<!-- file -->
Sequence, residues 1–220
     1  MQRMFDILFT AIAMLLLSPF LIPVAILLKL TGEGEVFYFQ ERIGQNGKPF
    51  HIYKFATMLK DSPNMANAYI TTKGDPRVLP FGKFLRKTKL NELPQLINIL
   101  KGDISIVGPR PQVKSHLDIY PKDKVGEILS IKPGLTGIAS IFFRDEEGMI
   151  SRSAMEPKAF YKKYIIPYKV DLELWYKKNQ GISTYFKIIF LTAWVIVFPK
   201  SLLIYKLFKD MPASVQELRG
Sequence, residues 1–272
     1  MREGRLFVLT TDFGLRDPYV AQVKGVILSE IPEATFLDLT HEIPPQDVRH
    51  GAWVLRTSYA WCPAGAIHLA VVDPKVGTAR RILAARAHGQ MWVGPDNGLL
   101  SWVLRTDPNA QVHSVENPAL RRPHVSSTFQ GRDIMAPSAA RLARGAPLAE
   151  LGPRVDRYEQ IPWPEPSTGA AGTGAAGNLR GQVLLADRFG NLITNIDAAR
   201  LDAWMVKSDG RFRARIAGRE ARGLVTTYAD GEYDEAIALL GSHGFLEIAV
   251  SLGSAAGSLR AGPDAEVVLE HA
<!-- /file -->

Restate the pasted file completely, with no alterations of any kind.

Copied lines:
Sequence, residues 1–220
     1  MQRMFDILFT AIAMLLLSPF LIPVAILLKL TGEGEVFYFQ ERIGQNGKPF
    51  HIYKFATMLK DSPNMANAYI TTKGDPRVLP FGKFLRKTKL NELPQLINIL
   101  KGDISIVGPR PQVKSHLDIY PKDKVGEILS IKPGLTGIAS IFFRDEEGMI
   151  SRSAMEPKAF YKKYIIPYKV DLELWYKKNQ GISTYFKIIF LTAWVIVFPK
   201  SLLIYKLFKD MPASVQELRG
Sequence, residues 1–272
     1  MREGRLFVLT TDFGLRDPYV AQVKGVILSE IPEATFLDLT HEIPPQDVRH
    51  GAWVLRTSYA WCPAGAIHLA VVDPKVGTAR RILAARAHGQ MWVGPDNGLL
   101  SWVLRTDPNA QVHSVENPAL RRPHVSSTFQ GRDIMAPSAA RLARGAPLAE
   151  LGPRVDRYEQ IPWPEPSTGA AGTGAAGNLR GQVLLADRFG NLITNIDAAR
   201  LDAWMVKSDG RFRARIAGRE ARGLVTTYAD GEYDEAIALL GSHGFLEIAV
   251  SLGSAAGSLR AGPDAEVVLE HA